"We can only look into the immediate future with some degree of nous once we’ve mastered a basic understanding of the immediate past." Andrew Mellor experiences Only Connect, Oslo's festival of sound, where both retrospection and foresight are in high demand.

Sometimes opening with a pre-emptive strike is your safest option. The freebie tote bags issued by Oslo’s festival of sound, Only Connect, were emblazoned with the phrase ‘spoiler alert’, a nudge-nudge-wink-wink promise that these few days would reveal all about the future of avant-garde noise. But in a canny bit of hedge betting, the festival’s first full day actually opened with a pretty comprehensive act of retrospection: a talk by Tim Rutherford-Johnson, who introduced his new book chronicling art music post-1989, Music After the Fall.

“As any loon knows, we can only look into the immediate future with some degree of nous once we’ve mastered a basic understanding of the immediate past.”

As any loon knows, we can only look into the immediate future with some degree of nous once we’ve mastered a basic understanding of the immediate past. I haven’t read Rutherford-Johnson’s book but his 40-minute spoken preface served as a lucid reminder of how much the internet, capitalism, social liberalism and awareness of environmental issues have changed the way humans create, experience and cross-fertilize sound and music.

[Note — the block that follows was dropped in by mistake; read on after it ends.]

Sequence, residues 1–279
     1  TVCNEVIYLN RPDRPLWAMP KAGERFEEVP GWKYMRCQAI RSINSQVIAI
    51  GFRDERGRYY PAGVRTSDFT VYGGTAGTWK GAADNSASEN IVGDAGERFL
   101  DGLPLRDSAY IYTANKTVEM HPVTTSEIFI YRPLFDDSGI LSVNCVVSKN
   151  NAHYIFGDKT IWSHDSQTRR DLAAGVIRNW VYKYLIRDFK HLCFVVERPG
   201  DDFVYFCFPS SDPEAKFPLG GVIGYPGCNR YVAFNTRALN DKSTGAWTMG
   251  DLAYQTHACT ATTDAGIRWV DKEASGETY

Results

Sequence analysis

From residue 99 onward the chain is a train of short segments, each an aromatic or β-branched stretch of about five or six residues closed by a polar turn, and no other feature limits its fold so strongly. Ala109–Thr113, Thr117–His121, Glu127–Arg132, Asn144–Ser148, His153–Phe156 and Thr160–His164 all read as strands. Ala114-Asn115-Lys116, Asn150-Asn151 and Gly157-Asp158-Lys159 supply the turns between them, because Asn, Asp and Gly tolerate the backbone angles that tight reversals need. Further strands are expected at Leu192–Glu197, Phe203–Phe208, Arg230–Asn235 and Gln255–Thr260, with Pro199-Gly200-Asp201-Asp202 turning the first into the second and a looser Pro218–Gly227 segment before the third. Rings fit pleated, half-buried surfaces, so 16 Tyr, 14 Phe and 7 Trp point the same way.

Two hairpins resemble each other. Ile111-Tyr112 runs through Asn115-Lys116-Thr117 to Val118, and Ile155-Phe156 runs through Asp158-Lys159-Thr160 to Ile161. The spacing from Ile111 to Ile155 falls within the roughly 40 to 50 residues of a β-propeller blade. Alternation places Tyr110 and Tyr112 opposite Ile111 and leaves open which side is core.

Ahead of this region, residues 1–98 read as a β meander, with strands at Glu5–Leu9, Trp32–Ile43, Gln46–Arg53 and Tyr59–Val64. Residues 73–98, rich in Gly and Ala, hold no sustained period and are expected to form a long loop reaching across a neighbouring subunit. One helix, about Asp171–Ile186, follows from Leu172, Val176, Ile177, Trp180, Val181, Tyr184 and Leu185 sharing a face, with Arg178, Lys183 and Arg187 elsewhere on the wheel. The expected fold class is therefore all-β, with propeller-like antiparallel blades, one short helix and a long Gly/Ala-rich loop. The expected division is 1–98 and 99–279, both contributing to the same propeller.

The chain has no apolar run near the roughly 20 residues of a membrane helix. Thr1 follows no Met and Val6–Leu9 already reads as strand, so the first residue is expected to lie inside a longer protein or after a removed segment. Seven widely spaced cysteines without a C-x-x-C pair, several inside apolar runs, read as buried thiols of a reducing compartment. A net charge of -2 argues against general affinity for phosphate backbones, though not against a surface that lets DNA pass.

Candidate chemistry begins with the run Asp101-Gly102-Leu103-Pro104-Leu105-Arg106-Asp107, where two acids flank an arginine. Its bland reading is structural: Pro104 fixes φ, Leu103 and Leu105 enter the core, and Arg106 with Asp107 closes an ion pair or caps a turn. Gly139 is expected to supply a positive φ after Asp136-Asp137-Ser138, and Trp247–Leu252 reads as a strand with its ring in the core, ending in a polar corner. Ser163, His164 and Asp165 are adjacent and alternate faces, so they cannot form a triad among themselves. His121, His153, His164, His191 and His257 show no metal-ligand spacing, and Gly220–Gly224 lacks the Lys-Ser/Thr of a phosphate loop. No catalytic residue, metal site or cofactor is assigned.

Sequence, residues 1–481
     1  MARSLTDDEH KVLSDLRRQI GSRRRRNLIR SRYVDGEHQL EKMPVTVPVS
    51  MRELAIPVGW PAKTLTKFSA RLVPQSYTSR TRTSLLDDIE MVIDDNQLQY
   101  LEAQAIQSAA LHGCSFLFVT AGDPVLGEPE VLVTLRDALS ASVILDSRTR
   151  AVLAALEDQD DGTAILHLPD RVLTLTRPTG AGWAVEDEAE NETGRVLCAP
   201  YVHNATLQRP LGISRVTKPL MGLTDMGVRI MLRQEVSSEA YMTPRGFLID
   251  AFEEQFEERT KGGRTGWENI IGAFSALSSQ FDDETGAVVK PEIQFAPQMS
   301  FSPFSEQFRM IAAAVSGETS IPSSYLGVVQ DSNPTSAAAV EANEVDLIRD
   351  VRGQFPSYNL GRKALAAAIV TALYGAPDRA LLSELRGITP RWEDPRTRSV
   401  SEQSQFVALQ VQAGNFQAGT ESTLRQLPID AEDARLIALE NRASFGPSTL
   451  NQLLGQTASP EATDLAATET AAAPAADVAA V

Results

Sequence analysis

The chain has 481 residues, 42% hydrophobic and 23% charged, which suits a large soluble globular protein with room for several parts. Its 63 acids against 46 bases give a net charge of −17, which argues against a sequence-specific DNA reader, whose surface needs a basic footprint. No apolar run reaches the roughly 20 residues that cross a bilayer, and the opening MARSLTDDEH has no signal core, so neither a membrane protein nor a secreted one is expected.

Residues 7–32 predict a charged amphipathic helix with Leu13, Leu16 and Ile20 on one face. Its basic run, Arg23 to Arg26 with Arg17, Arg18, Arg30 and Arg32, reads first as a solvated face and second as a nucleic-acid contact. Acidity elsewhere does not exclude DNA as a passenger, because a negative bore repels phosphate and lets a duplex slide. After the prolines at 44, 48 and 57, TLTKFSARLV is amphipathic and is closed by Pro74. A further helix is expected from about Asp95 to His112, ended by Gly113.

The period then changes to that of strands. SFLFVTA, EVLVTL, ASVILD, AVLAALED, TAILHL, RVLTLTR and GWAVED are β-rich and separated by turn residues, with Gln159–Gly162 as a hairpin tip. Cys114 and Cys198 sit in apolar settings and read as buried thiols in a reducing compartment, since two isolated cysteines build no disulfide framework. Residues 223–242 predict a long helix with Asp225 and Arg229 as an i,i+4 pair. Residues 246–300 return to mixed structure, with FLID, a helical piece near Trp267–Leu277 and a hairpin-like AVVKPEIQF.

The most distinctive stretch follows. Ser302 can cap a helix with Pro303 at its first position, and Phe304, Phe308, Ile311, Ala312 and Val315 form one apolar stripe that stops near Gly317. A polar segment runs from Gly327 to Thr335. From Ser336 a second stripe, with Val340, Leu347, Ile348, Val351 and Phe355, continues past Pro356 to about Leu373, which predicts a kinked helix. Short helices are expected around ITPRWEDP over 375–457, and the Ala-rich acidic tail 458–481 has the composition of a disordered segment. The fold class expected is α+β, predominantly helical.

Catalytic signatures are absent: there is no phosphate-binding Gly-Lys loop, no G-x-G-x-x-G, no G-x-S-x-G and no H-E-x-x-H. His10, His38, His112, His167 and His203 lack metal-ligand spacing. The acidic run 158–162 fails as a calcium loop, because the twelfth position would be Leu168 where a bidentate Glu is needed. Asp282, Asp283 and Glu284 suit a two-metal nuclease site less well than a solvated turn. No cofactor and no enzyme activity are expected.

Helpfully, Rutherford-Johnson went large on Only Connect’s main attraction: composer-performer-artist Jennifer Walshe.He cited her landmark piece This Is Why People O.D. On Pills, pulling-up a slide of the graphic score which instructs musicians to learn to skateboard (or die trying) before so much as tuning up their instruments at the first rehearsal. Rutherford-Johnson wasn’t making a point about the ‘rules’ having changed so much as underlining the fact that empathy, in our splintered, silo-driven world, is still the basis of most worthwhile creative activities. At least, that’s what I think he was saying.